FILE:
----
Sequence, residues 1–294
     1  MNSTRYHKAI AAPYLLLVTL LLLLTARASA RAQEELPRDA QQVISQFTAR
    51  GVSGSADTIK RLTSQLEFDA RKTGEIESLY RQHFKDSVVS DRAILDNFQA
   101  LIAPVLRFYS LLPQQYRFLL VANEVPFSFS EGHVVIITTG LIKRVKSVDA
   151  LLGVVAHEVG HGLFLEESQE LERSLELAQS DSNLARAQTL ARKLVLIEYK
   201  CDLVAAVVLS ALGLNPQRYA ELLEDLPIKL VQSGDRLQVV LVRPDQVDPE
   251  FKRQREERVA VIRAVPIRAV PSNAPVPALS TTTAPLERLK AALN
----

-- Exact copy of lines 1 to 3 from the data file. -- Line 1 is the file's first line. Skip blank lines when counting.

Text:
Sequence, residues 1–294
     1  MNSTRYHKAI AAPYLLLVTL LLLLTARASA RAQEELPRDA QQVISQFTAR
    51  GVSGSADTIK RLTSQLEFDA RKTGEIESLY RQHFKDSVVS DRAILDNFQA